This story was originally printed on Nov. 21 in the Post. If you want to get the scoop on local news, pick up the Post in the mornings at 1,000 Mid-Peninsula locations.
BY BRADEN CARTWRIGHT
Daily Post Staff Writer
Palo Alto City Council may be forced to approve undesirable developments if the city doesn’t get its eight-year housing plan approved by the state before Feb. 1, City Manager Ed Shikada said.
That’s because there’s a provision in state law called the “builder’s remedy,” which says that cities that don’t have a housing plan aren’t allowed to deny housing projects, as long as 20% of the units are set aside for low-income households.
That means the city’s restrictions on height and density couldn’t be enforced on these partially affordable developments.
“The builder’s remedy may require a city to approve a housing development that varies significantly from local code requirements,” Shikada said in a memo to council.
Several developers have filed applications using the builder’s remedy in Sacramento and Southern California, where cities have an earlier deadline to turn in their housing plans, Shikada said.
Palo Alto’s deadline is Feb. 1. The city is planning to submit its first draft for review by end of the year, but the state has 90 days to provide comments.
Council will discuss the housing plan again on Nov. 28.
The housing plan required by the state is called the Housing Element. It’s a document that lists properties where housing can reasonably get built over the next eight years, as well as programs for making it easier to build.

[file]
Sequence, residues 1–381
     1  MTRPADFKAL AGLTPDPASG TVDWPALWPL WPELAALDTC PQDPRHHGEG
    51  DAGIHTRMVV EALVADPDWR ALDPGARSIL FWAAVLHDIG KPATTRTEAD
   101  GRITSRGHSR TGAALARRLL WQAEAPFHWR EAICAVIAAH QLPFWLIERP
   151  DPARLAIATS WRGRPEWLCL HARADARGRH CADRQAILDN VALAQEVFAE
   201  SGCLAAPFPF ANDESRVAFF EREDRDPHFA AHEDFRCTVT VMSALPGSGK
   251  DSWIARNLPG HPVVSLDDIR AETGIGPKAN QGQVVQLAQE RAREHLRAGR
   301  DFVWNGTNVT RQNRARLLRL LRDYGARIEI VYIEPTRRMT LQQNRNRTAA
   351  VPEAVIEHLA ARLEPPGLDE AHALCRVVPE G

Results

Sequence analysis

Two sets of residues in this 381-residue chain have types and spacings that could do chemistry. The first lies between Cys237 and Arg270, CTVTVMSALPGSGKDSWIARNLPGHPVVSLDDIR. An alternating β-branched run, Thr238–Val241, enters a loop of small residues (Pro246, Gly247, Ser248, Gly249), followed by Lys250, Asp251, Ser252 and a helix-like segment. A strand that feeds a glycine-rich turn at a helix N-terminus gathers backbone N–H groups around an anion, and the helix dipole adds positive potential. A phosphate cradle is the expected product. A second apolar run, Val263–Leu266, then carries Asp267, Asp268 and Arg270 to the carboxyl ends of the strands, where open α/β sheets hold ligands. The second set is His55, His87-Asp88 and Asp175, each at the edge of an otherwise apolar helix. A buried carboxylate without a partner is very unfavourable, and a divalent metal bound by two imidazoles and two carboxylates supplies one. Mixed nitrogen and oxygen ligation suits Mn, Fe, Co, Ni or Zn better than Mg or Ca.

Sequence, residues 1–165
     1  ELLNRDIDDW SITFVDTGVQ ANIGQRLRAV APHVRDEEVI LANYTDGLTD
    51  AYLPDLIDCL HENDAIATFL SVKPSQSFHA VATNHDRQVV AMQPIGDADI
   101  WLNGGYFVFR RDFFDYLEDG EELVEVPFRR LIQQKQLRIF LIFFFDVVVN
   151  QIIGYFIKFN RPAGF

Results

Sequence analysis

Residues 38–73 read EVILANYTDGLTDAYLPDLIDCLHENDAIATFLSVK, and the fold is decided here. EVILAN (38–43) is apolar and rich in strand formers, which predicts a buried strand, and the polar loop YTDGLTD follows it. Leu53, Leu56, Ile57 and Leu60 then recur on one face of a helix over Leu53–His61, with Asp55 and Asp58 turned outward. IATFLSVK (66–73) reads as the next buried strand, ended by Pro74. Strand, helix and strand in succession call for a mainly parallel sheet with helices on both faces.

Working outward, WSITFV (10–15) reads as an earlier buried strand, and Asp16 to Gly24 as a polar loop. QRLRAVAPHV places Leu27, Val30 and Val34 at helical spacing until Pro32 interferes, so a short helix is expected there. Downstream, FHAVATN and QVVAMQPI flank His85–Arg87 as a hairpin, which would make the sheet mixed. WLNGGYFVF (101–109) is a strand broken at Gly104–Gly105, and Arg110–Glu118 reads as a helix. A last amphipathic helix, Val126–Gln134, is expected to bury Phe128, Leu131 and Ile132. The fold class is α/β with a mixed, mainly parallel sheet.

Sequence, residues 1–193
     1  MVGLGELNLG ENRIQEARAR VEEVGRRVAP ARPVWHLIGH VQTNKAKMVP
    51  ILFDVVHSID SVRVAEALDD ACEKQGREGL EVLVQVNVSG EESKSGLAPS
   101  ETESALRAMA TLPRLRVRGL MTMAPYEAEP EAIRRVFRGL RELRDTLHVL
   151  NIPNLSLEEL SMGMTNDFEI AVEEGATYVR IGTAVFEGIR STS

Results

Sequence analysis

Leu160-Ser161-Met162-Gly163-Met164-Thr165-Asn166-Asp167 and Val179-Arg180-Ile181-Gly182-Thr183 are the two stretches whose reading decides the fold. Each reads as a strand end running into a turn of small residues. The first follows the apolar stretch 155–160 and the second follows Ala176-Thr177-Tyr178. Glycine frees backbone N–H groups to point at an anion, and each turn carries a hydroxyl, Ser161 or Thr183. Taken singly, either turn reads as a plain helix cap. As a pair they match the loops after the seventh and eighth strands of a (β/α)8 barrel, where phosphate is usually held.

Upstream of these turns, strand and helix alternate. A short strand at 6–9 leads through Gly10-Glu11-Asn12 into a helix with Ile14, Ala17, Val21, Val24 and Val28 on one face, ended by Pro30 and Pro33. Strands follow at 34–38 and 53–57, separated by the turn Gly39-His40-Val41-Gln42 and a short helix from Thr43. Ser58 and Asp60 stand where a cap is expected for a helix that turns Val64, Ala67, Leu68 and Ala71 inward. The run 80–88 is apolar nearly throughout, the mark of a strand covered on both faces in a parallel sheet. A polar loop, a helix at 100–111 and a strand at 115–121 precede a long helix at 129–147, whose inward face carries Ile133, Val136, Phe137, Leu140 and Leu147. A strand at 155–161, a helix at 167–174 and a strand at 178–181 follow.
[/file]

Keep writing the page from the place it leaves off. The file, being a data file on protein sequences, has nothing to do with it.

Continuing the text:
Each city is given a number of housing units for which it has found locations, and Palo Alto’s allocation for the next eight years is 6,086 units. A lot of the new housing must be for low-income residents too.
Law becomes tougher
The Housing Element in the past has largely been a planning exercise with no real teeth. But for the 2023-2031 planning cycle, penalties for non-compliance include fines, loss of local control and the builder’s remedy.
At the same time, Palo Alto’s allocation is three times higher than it was in the last planning cycle.
The city has permitted 1,062 homes since 2015, planner Tim Wong told the Planning and Transportation Commission on Wednesday.
The city has had no trouble building housing for people with an above moderate income, permitting 750 of these units, including 114 this year.
But the city has permitted only 283 units for low and very low income residents since 2015, and none this year.